Since September 2010, this blog has recorded the journey of this middle-aged man as I attempt to listen to all the music in my CD collection. CDs revisited in their entirety from start to finish - no skipping tracks, no shuffle. CDs only - no vinyl, no tapes, no downloads. And just as CD technology (and the album format itself) becomes obsolete. I'm no music critic, just a music junkie with too much time on my hands.

Friday, March 10, 2017

John Surman - Selected Recordings :rarum XIII (2004)


ECM :rarum MONTH* (MARCH 2017)

I wouldn't know where to start, so I'm wimping out and using ye olde cut-and-paste from Thom Jurek at Allmusic:
Like guitarist Terje Rypdal, with whom he has collaborated, British saxophonist, bandleader, and composer John Surman has had a career on the ECM label that has covered the terrain of new classical music from chamber to orchestral, jazz of the vanguard and groove varieties, new music, and even folk music. This personal selection of his offerings from the label from the years 1976-1999 gives listeners the opportunity to be stunned by his versatility and commitment, and the incredible depth he possesses in each of his chosen fields of inquiry, but given the sheer breadth of his oeuvre, it is impossible on a single disc to give an accurate representation. As a result, what is here is nothing short of stellar. Surman's chosen ramble over the course of his career is in aesthetic rather than chronological order, so listeners have "Druid's Castle" from the 1994 set A Biography of the Rev. Absalom Dawe, a piece for solo soprano and baritone saxophones, kicking it off. Surprisingly, Surman offers "Number Six" from a Miroslav Vitous-led date in 1982 to follow, which is dovetailed with "Portrait of a Romantic," featuring another solo of bass clarinet, recorder, and synthesizer that feels informed by Delius. Thankfully, "The Returning Exile" from The Brass Project is included here, as is a brilliant piece from Adventure Playground in 1991 with sidemen Tony Oxley, Paul Bley, and Gary Peacock. But it is on the four or so solo pieces that the sheer mastery of Surman's command becomes evident, and for these listeners should be grateful.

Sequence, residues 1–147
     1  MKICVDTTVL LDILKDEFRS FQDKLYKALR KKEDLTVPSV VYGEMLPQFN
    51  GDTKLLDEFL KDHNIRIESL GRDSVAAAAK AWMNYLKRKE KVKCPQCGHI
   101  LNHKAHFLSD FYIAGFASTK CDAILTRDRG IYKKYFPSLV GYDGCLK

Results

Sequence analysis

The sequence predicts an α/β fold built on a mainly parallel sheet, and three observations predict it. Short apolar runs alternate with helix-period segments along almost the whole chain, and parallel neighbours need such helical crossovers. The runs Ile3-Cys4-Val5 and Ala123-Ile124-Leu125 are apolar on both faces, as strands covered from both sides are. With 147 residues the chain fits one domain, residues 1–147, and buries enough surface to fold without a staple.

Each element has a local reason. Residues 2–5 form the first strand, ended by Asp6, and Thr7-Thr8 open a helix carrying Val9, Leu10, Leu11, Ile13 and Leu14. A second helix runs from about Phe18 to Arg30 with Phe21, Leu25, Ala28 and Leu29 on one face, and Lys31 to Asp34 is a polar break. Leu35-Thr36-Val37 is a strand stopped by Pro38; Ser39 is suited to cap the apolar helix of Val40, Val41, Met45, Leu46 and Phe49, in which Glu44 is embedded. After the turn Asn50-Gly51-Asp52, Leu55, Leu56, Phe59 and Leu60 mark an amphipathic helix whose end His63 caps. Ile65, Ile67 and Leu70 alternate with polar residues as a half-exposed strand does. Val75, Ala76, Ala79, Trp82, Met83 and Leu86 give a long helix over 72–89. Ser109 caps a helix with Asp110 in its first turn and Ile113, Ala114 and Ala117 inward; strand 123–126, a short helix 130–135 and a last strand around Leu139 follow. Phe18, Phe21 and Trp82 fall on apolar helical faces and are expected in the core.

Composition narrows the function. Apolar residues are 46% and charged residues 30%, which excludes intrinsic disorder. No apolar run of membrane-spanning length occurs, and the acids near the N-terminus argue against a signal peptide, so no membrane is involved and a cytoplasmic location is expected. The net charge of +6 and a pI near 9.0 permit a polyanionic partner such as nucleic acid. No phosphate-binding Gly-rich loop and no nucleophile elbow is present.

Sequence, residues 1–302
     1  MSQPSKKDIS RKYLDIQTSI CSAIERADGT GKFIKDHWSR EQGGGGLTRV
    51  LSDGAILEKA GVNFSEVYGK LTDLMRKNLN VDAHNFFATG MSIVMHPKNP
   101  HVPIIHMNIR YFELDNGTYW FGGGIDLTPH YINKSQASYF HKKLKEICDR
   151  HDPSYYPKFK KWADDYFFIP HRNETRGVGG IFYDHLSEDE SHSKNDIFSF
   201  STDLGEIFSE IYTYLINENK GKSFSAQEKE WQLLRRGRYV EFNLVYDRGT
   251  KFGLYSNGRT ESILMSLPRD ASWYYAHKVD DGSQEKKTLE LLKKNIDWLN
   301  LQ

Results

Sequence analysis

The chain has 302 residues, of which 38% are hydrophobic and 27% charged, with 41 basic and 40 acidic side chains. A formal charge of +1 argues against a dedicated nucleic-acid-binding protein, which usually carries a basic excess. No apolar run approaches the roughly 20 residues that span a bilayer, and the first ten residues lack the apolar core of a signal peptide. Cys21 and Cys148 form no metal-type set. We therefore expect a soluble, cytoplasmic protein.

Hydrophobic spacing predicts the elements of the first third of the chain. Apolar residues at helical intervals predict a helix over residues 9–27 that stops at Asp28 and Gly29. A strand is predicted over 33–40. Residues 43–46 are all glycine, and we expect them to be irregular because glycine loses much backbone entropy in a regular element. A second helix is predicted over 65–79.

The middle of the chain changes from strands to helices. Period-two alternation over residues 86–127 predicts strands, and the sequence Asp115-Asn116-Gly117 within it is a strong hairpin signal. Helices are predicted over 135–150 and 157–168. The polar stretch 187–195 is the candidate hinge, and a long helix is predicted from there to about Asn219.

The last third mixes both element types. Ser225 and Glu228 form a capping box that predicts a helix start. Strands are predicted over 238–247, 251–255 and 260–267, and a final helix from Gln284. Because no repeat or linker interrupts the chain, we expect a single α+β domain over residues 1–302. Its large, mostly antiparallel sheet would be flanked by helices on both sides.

While it's a mixed bag and acquired taste, I like the solo stuff and recommend checking it out. Of all the discs in this box set, this one is the most welcome discovery.


Peak on the US Billboard Top 200 chart: Did not chart

Tracks: 13 tracks, 71 minutes.


TitleAlbum
Year

Druid's Circle
A Biography of the Rev. Absalom Dawe
1995
Number Six
Miroslav Vitouš Group
1997
Portrait of a Romantic
Private City
1987
Ogeda
November
1993
The Returning Exile
The Brass Project
1992
Edges of Illusion
Upon Reflection
1979
The Buccaneers
The Amazing Adventures of Simon Simon
1981

The Snooper
Withholding Pattern
1985

Mountainscape VIII
Mountainscapes
1976
Figfoot
Adventure Playground
1991
Piperspool
Road to Saint Ives
1990
Gone to the Dogs
Nordic Quartet
1995
Stone Flower
Coruscating
2000


Personal Memory Associated with this CD: Being singularly infatuated with Edges of Illusion for at least a week after I first heard it. It's trippy as hell and still stops me in my tracks.

If I had known of Surman's work when I was a music student, I no doubt would have transcribed and performed some of his solo stuff. Guess I still could, huh?



*Back in June 2015, this beautiful thing showed up at my doorstep:


It's a 12 CD box set (2008) of compilation discs from ECM's :rarum series, a birthday gift from a good friend.  In this series, the artists were given the freedom to pick their personal favorite recordings from any ECM release they've made as a leader or sideman. In other words, the label got outta the way and good for them.  I'll be making my way through the set this month.

ECM (Edition of Contemporary Music), originally a German label, was founded in 1969. "Rarum" comes from the Latin root "rarus" meaning "rare" (perhaps foreshadowing that these CDs wouldn't be in print for very long).

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